True, some got stockpile of primers which should last their life times three, but they still can't stop buying them, some sort of compulsiveness, like if they start they can't stop, until they run out of money here is one example I just hope high humidity will not ruin them.
I only keep 1500 primers and I think its to much, I buy 200 - 500 at the time when I get bellow 1000, when primers were dry last year I hit the point when I only had 300 primers. I think in the picture guy has 60K or maybe more, but they all different SR, LR, SP, LP
Boomtube, not suggesting primer manufactures acquire additional buildings or increase existing facility square footage just better utilize what they have. As an examply reduce office space (especially exec's, exec secretaries, break rooms, dining facilities etc). I'm not sure what the footprint is for a primer machine etc but I'll bet they could sqeeze a few more than we think into production. The E/R in the short term would be enormous such that any capital investment could be paid off before demand could drop.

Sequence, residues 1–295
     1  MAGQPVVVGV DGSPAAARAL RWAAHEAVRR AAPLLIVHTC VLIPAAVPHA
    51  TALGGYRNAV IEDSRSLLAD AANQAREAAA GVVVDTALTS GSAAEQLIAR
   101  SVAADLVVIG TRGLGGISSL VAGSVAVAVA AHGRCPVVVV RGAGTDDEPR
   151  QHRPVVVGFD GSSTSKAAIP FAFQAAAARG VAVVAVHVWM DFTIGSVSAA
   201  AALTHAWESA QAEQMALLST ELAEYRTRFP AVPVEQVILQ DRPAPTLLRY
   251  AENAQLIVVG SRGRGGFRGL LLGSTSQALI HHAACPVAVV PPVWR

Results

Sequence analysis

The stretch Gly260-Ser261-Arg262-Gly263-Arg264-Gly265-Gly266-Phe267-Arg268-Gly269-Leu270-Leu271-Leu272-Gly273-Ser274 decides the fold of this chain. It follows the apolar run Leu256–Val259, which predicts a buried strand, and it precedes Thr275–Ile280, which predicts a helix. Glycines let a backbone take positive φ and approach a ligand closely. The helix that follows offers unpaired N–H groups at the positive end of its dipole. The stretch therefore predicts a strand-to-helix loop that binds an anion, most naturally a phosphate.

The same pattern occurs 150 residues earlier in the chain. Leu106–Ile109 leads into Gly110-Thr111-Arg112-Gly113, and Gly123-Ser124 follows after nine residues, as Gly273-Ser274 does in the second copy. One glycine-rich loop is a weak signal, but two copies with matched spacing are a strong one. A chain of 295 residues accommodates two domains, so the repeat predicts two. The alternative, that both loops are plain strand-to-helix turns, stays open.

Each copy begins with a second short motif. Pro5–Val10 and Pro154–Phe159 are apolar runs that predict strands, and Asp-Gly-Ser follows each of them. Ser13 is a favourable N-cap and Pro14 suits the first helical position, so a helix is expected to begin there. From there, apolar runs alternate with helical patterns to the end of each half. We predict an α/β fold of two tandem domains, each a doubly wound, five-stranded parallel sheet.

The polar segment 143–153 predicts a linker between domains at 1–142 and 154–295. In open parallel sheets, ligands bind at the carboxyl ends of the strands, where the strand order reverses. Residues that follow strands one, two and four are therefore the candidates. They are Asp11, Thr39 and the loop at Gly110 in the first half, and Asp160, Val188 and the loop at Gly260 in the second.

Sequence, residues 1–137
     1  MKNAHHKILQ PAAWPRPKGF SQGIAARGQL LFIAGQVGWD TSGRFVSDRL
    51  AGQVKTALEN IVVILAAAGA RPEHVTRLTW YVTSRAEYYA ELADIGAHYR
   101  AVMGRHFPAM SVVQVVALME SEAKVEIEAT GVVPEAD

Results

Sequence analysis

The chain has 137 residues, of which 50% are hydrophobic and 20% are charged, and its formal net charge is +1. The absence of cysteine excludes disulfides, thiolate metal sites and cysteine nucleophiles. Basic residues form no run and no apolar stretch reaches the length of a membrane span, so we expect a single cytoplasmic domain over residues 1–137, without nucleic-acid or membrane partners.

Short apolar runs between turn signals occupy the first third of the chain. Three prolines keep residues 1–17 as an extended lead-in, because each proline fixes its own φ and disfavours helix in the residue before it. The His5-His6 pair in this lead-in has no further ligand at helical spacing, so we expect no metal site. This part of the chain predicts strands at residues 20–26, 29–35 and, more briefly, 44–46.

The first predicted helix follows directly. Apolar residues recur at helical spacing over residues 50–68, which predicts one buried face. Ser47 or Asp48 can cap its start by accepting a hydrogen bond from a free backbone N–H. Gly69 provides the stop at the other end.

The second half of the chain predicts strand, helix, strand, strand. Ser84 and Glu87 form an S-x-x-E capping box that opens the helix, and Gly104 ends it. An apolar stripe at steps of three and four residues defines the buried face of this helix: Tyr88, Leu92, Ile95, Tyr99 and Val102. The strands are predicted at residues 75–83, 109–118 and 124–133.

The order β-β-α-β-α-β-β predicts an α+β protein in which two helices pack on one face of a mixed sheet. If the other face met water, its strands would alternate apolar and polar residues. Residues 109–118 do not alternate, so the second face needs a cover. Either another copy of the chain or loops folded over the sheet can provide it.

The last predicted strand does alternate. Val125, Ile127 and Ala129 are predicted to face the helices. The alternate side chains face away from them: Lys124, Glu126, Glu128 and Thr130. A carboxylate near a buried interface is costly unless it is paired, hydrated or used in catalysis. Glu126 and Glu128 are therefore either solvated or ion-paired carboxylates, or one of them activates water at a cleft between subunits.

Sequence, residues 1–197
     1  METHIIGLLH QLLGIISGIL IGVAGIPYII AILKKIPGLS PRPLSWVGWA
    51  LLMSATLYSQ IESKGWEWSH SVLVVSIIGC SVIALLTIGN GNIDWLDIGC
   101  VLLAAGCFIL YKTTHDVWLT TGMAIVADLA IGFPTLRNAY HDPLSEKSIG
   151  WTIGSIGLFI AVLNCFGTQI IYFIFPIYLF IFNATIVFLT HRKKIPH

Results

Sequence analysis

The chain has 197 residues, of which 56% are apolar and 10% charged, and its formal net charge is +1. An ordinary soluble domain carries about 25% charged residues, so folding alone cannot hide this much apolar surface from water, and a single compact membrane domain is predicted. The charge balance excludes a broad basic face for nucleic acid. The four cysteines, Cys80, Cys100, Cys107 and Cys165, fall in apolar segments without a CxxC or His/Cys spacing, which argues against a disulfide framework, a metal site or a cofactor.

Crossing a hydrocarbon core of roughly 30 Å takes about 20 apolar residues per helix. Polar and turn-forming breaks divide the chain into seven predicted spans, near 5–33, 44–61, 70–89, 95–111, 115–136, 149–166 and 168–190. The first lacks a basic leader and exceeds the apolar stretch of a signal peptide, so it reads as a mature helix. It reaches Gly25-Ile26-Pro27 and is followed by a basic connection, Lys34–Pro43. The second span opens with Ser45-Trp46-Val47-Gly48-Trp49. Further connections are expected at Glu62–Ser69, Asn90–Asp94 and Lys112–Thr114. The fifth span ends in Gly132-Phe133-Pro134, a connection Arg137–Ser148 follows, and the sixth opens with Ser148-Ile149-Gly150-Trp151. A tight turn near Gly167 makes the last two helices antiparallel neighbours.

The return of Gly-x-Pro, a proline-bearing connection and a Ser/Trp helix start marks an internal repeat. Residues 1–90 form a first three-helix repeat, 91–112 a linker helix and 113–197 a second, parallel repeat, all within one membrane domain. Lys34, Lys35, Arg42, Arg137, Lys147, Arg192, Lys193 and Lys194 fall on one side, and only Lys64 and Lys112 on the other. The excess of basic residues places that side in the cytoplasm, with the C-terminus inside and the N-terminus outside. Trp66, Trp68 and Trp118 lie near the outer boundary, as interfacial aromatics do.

Of coarse this requires out of the box thinking and folks-management/employees aren't always so willing...I know I used to come in and revamp organizations-headcount, facilities, production, systems etc. It can be a hard sell but trust me theirs a way to increase output with minimul capital investment...sometimes with almost none.
I got this picture from other forum, where one guy answered the questions: Where all primers went? So he replied I got them stored in my basement here some of them, as far as powder dispenser I have no clue, once again I didn't take this picture
"Boomtube, not suggesting primer manufactures acquire additional buildings or increase existing facility square footage just better utilize what they have."
I've never been in a primer factory but from the photos I've seen I doubt they could reasonalbly add another production line in an office or coffee/lunch room. The price of those machines probably cost a bit too, which would then sit idle after the present panic subsides.
Sometimes thinking outside the box requires understanding how large the box really needs to be.